Colin Butler
Staff Writer

Government is defended almost universally as a necessary social institution. However, there are groups of people who argue that those defending the establishment of government have an idealized image of what that government will be and how it will function. They argue that theory would tell us without any application at all – although history has shown us by corroborating theory – that government cannot be held in check, in other words, that limited government is impossible. Why?
A monopoly is an organization that can raise prices while the value of the good or service they provide goes down because there is no competition. Government is a monopoly of justice and protection. Here we find no exception, once a government is established, i.e. it has banned free-entry into the marketplace of production of defense and judicial arbitration by deeming itself the lawful overlord of the land and its inhabitants, “the price of protection and justice will rise and their quality will fall,” according to Hans Hermann-Hoppe. Obama-monopolyComplicating matters is the fact that protection is not a fixed good, but a service with infinitely varying degrees of which no one can say how much is necessary. Should the government provide every town with its own policeman? Or every block with a policeman? Or every block with ten policemen? You get the idea. The government does not have a rational way to make these allocations and cares very little if at all that it may be wasteful and provide terrible service, because it is funded by tax money and by its own rules bars any other organization that may provide better service from competing with it.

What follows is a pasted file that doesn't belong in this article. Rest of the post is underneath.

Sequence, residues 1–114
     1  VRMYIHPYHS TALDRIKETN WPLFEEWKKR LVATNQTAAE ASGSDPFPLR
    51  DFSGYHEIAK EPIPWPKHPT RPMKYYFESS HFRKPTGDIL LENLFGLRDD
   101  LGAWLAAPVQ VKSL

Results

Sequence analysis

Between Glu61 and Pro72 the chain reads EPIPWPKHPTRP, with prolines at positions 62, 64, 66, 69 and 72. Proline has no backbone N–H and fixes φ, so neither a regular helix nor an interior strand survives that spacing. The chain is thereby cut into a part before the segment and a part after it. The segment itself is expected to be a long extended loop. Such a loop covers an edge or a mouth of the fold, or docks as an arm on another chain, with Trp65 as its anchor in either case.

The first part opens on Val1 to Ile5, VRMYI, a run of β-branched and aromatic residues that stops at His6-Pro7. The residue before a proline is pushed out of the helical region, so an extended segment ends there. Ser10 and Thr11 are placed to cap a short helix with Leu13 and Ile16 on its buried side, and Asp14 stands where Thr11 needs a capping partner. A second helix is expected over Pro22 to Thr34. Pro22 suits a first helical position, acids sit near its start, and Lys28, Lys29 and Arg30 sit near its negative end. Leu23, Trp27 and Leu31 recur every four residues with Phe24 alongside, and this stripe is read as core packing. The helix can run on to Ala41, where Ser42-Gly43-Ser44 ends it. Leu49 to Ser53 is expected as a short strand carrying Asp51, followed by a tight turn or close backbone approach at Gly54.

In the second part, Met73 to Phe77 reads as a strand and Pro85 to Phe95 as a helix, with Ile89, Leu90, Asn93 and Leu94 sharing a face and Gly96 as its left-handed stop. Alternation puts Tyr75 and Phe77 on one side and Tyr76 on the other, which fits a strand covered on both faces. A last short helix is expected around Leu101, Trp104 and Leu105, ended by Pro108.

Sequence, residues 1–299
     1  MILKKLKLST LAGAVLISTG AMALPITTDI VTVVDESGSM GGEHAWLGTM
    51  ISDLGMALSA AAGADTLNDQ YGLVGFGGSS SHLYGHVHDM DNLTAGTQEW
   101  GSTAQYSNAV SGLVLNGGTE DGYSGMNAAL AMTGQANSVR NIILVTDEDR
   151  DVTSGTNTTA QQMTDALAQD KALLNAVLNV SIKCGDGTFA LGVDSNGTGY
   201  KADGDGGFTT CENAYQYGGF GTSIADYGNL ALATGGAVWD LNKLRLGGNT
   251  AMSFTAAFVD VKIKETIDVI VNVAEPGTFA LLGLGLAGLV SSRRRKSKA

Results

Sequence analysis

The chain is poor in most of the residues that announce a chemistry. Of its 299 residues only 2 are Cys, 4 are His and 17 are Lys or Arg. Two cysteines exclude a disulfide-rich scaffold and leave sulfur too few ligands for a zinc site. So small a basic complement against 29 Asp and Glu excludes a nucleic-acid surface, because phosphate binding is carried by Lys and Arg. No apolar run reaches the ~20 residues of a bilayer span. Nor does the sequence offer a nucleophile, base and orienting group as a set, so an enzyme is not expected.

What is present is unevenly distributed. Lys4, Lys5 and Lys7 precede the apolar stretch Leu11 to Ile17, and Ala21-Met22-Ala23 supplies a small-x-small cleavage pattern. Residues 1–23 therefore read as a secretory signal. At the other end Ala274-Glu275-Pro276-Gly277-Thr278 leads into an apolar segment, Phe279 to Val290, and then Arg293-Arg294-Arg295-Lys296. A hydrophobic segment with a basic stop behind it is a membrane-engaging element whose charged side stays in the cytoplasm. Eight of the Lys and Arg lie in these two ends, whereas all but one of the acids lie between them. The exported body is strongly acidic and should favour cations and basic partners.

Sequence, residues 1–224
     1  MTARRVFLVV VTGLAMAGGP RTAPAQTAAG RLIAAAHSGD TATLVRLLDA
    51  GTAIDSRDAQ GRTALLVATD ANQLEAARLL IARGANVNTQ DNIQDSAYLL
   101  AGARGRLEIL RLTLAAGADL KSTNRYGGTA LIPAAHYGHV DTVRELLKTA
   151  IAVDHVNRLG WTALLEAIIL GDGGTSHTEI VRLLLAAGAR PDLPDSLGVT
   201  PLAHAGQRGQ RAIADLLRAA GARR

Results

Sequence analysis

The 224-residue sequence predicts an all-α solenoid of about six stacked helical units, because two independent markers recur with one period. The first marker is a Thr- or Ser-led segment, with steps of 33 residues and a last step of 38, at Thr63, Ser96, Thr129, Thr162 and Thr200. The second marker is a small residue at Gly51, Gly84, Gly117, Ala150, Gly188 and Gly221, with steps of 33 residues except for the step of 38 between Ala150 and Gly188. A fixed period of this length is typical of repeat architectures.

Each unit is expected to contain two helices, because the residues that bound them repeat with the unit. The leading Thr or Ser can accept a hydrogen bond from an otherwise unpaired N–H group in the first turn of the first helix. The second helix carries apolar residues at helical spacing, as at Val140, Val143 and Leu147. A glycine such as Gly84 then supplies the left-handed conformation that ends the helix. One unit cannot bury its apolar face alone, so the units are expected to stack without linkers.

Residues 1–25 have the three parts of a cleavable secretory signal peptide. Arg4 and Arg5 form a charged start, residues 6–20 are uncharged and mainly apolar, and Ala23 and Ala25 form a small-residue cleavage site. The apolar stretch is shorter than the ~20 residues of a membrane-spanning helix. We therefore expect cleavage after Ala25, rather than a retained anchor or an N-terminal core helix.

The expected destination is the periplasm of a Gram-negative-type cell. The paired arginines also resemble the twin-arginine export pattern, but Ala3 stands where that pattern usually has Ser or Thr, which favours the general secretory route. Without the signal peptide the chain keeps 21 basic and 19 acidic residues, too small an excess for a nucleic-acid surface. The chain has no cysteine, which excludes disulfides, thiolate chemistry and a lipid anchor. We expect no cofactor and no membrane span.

Imagine a security agency proposes a contract wherein you agree that they can take from your paycheck any amount they deem necessary to perform their function (provide protection), and that the only way out of this contract is to move. Would you agree to any such service? This is what any government would tell us we were born into. We are born without the right of nullification, that is, some social contract is assumed to be implicitly agreed upon by everyone born in that area of the world, and the only way out, is to physically move to live somewhere else. This is one reason Thomas Jefferson wrote: “Every constitution then, and every law, naturally expires at the end of 19 years. If it be enforced longer, it is an act of force, and not of right.” 19 years is the figure indicated by the “European tables of mortality” in Jefferson’s time showing that 19 years from any given day, the majority of the population alive that day, will be dead, hence a new generation.
What’s worse is that a government can decide entirely independently of you to eliminate this final resort option of moving by deeming it illegal and that you are to be stopped by violent force if you dare attempt to emigrate! One example is the case of East Germans fleeing to the West at such a high rate during the 1950s that the Berlin Wall was built (starting in 1961). But that was the Soviet Union directing such oppression, and certainly a constitutionally limited government (our founding fathers’ great achievement) could never let this happen. The phrase “constitutionally limited government” is an oxymoron. In such an establishment, who decides what the government can and cannot do? The government! The judicial branch, itself part of the government, decides what the other branches can and cannot do.
It is important to recognize these are not trivial complaints one might remark if driving on a road with many potholes such as, “this road sucks; what am I paying taxes for?” These three criticisms -the predictable deterioration in quality of justice and protection while price rises (taxes serve as the price tag), the fantasy of tacit consent of those born under the current regime who had no say and may well continue to have no say in its operations, and that a government is the judge in its own case- apply to any form of government because of its very nature. That is why everyone should think about government.